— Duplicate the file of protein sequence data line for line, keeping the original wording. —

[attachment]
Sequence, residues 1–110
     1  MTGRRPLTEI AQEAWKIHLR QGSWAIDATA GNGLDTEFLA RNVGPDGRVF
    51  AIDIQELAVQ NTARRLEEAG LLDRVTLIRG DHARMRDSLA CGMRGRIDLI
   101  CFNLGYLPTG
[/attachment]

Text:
Sequence, residues 1–110
     1  MTGRRPLTEI AQEAWKIHLR QGSWAIDATA GNGLDTEFLA RNVGPDGRVF
    51  AIDIQELAVQ NTARRLEEAG LLDRVTLIRG DHARMRDSLA CGMRGRIDLI
   101  CFNLGYLPTG